First, the Almighty has finally revealed His presence and resigns Himself to the destruction of wayward mankind on a regular basis. Swindon is scheduled for an almighty smiting on Friday at noon unless Thursday can stop it.

Thursday's genius daughter Tuesday is currently working on a smite shield to save Swindon.
Jul 02, 2012 rated it it was amazing
Shelves: read-2013
ZOMG a new Thursday Next book!! And I was lucky enough to score a proof at a teeny secondhand bookshop upstate!!!

I will tell you this right now: I just got back from a 10-day vacation. I have gallons of emails to answer, scads of laundry to do, and an entire apartment to clean before I go back to work tomorrow, yet I am still going to spend at least a half hour finishing this book with a cup of coffee before I do any of it.


And I did! And it was soooo worth it, even though, exactly a week
Jul 09, 2012 rated it it was amazing  ·  review of another edition
Shelves: signed, owned
In my opinion, this is Jasper Fforde back at his marvellous best.

I will, however reluctantly, admit that I found the previous Next tale - One of Our Thursdays is Missing - just a little flat. I'm not sure even now that I can quite put my finger on why and it's not as if it was a poor effort; it just didn't meet the expectations that JF has caused me to have.

This book, though, places any loss of form firmly into the past. The Bookworld is, this time, of peripheral interest only; it's not giving
Oct 16, 2012 rated it really liked it
Shelves: fantasy, humor, adventure
I think this is the best Thursday Next novel. Clones in tupperware. Armed library agents (better make sure I return my books on time). Libraries named like football stadiums. It made me laugh - a lot.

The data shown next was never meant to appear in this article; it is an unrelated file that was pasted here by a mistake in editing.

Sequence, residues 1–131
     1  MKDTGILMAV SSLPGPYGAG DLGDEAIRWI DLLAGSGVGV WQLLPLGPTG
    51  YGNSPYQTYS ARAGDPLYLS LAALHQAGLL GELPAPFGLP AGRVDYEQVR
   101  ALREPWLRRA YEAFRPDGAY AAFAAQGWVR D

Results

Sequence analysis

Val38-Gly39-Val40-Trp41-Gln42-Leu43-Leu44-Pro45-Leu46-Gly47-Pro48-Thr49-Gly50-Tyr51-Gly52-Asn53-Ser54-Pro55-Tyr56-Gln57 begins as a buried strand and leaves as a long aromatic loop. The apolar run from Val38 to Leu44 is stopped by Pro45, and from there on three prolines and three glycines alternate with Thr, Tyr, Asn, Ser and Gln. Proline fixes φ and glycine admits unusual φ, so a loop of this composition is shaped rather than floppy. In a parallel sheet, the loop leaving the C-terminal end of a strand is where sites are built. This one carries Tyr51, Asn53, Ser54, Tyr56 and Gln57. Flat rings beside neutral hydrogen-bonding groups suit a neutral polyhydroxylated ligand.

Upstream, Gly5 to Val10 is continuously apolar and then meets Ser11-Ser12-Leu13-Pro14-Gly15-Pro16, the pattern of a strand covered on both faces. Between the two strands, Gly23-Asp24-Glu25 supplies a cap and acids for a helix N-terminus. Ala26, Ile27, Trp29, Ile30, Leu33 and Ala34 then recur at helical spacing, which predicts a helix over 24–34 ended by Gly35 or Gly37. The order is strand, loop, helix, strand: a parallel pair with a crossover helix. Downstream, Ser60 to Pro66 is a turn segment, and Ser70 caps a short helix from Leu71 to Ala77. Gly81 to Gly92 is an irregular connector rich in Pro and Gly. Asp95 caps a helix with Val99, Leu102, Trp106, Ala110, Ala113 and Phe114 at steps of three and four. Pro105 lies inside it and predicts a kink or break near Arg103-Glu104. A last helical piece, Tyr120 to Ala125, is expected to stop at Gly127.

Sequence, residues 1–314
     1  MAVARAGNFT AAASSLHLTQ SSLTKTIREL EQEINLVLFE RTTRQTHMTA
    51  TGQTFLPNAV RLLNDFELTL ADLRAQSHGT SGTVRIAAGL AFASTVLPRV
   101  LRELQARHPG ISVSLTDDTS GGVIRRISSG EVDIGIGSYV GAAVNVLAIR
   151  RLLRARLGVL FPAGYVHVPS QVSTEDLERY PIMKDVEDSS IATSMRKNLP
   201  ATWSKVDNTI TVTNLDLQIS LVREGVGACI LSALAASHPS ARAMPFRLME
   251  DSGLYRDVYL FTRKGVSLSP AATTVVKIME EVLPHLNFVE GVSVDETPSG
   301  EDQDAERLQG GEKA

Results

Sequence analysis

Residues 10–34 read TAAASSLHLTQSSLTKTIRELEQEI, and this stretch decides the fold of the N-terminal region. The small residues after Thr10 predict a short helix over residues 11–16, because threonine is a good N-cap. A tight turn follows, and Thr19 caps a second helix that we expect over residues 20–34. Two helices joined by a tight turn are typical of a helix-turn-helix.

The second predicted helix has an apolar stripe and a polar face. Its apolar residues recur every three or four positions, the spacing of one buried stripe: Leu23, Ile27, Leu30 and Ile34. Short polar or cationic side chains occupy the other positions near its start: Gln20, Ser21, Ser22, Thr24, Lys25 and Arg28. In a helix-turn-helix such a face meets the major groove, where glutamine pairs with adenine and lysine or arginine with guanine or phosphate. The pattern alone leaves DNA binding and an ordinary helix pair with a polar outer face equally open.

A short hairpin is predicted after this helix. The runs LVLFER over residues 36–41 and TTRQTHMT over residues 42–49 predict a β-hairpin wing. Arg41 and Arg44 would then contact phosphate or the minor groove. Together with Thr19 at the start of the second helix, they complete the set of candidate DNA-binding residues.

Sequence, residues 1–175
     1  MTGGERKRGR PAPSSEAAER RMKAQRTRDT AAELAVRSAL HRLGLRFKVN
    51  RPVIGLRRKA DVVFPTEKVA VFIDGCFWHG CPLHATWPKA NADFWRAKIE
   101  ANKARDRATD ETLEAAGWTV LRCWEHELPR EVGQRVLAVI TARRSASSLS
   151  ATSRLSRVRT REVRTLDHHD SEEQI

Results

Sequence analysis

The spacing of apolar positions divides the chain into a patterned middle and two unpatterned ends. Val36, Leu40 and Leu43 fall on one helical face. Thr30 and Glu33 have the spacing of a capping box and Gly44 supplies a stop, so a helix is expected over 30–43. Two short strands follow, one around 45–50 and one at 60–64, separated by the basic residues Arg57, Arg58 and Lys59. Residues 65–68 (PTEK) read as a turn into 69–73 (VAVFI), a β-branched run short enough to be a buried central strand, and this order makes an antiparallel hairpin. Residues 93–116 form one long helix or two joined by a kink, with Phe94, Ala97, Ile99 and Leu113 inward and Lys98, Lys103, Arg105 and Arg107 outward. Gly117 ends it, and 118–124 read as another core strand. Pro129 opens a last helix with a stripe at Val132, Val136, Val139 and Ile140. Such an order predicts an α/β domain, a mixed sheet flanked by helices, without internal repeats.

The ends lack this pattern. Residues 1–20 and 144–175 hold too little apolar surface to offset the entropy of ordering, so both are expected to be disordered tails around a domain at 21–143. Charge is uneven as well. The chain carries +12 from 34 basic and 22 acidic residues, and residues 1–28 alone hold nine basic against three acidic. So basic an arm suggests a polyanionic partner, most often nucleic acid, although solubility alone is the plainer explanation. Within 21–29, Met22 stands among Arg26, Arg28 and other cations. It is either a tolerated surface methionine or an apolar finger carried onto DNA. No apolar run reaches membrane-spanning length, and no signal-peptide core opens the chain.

Oct 13, 2012 rated it it was amazing
It’s 2004 in the alternate Britain of the now semiretired literary detective Thursday Next, and she’s getting older—54—but as her husband Landon tells her, when weird comes knocking gray hairs count more than the lost physical prowess she’s mourning. Weird, ironic, and mind-bendingly wonderful is of course exactly what you get in a Thursday Next novel. I’ve loved just about all of Jasper Fforde’s books, but the Thursday Next series is my favorite by far and even in that group this new one is ...more
Kathleen Lenihan
Nov 01, 2012 rated it liked it
I love Jasper Fforde and Thursday Next, otherwise why would I have read this book? That said, the last two books in the series have left me less than satisfied. In One of our Thursdays is Missing, the plot takes place almost entirely in BookWorld with the protagonist being the written Thursday. In TWWDAL, we have a book that takes place entirely in the "real" world. In the former, I missed the real Thursday, and in the latter, I missed the whimsy of BookWorld. Something in the recipe of each is ...more